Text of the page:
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Recessions and economic downturns can sometimes provide the best growth opportunities for a business, especially if it is at the expense of your competitors. Downturns can be tough for everyone but smart businesses won’t ignore the fact that during these times their competitors may be at their most vulnerable. They’ll smell their weakness and go after them. McDonald’s mastermind Ray Kroc put it succinctly, but crudely, when he said “when the competition is drowning, stick a hose in their mouths.”

There’s no point in the point in attacking your competition when they are strong, focused and well-protected. That’s dumb business. It’s far better to attack them when they are in disarray and are focused elsewhere. What would you do if you were competitor of BP’s at the moment? Hand them a ”free pass” and wish them all the best in cleaning up the Louisiana Coast or stick a hose in their mouth?

The trick is to uncover your competitors Achilles heels. Some companies are vulnerable due to over-reliance on a single customer or a key staff member. Others might be highly geared and be extremely susceptible to a targeted price war. Some, like BP, might be dealing with disasters beyond their immediate control. Squeeze them where it will hurt them most and it will undoubtedly have an impact. During economic downturns it could cripple them.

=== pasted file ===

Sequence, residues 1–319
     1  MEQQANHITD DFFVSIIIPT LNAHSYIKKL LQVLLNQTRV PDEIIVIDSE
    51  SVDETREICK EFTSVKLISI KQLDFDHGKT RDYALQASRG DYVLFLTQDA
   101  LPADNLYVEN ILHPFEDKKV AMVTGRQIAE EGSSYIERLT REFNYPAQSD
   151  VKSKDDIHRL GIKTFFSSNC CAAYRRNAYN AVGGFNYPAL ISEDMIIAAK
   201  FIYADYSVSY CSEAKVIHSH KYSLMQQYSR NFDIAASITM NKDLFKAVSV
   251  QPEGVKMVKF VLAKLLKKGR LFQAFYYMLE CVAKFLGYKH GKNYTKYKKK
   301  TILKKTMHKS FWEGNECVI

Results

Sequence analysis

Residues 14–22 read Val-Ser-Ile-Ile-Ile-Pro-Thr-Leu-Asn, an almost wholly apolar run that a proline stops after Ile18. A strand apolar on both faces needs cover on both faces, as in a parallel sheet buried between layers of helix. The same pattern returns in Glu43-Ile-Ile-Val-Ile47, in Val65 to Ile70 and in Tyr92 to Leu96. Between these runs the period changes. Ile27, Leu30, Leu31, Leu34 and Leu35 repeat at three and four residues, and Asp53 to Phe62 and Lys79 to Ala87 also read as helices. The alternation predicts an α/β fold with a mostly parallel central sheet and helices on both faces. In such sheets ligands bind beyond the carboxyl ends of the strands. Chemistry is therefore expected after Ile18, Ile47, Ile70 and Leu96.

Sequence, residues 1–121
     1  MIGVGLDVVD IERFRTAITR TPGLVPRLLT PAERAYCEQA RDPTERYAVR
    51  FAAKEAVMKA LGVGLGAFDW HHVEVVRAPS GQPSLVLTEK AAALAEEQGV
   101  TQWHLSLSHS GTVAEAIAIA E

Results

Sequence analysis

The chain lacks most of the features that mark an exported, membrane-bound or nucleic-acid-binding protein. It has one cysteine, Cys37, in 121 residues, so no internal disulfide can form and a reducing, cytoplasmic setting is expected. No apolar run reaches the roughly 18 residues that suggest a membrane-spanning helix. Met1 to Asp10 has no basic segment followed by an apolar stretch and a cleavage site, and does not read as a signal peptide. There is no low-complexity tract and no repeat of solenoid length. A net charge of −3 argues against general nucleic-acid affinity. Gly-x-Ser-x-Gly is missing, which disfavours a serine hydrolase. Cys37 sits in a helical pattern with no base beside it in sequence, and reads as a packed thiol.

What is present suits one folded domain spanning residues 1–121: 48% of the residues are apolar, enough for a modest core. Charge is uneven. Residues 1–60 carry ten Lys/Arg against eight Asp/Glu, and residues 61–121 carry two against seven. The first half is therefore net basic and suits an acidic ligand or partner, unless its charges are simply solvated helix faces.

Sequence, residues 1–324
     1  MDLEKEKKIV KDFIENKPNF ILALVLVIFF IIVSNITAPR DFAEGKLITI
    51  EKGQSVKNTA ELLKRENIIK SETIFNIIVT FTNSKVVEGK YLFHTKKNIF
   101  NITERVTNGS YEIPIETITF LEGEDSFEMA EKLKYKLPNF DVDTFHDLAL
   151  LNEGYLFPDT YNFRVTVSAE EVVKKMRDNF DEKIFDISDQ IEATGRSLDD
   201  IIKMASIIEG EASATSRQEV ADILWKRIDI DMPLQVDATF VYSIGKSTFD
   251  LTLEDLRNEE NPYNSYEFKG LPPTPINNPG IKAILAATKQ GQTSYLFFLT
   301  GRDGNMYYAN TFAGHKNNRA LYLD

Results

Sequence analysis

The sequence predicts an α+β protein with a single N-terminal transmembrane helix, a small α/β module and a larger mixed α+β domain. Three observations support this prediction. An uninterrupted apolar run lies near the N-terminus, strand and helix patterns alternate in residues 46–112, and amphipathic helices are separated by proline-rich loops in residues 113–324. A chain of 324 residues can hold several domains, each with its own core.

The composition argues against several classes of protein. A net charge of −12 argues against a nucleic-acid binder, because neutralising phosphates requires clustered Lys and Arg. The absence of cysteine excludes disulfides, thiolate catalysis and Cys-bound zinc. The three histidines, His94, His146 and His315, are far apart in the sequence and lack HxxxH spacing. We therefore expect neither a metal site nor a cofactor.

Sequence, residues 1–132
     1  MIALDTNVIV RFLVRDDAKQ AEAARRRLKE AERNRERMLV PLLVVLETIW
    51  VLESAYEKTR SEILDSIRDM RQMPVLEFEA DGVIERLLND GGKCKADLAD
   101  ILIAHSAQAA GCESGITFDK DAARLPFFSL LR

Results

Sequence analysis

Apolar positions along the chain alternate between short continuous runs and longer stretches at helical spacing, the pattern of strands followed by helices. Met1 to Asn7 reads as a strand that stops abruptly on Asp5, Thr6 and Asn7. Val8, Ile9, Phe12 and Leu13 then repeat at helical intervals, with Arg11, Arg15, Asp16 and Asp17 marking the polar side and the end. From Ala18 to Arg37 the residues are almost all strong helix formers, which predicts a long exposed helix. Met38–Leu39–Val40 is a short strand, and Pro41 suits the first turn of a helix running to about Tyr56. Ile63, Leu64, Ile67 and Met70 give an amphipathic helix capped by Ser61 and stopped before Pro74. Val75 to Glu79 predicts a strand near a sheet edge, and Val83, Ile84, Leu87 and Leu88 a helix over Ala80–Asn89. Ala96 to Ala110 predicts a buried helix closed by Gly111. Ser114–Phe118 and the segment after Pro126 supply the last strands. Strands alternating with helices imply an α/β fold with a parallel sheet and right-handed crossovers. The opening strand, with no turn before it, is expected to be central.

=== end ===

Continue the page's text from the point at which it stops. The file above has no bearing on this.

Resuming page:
Chinese philosopher Sun Tzu, in his book The Art of War, wrote “if your enemy is secure at all points, be prepared for him. If he is in superior strength, evade him. If your opponent is temperamental, seek to irritate him. Pretend to be weak so that he grows arrogant. If he is taking his ease, give him no rest. If his forces are united, separate them. If sovereign and subject are in accord, put division between them. Attack him where he is unprepared, appear where you are not expected.”

War and business are very similar. They both rely on one simple objective:  beating your competition. Doing this will ensure your survival. In some organisations, keeping an eye on the competition is a daily event. In many others, however, it is an after- thought. It happens irregularly or, in many cases, not at all. These businesses are operating in a vacuum of complacency.

The best businesses understand that uncertain economic times may represent the best opportunity to put their vulnerable competitors to the sword. They won’t delay. In fact they’ve probably already grabbed a hose and gone hunting…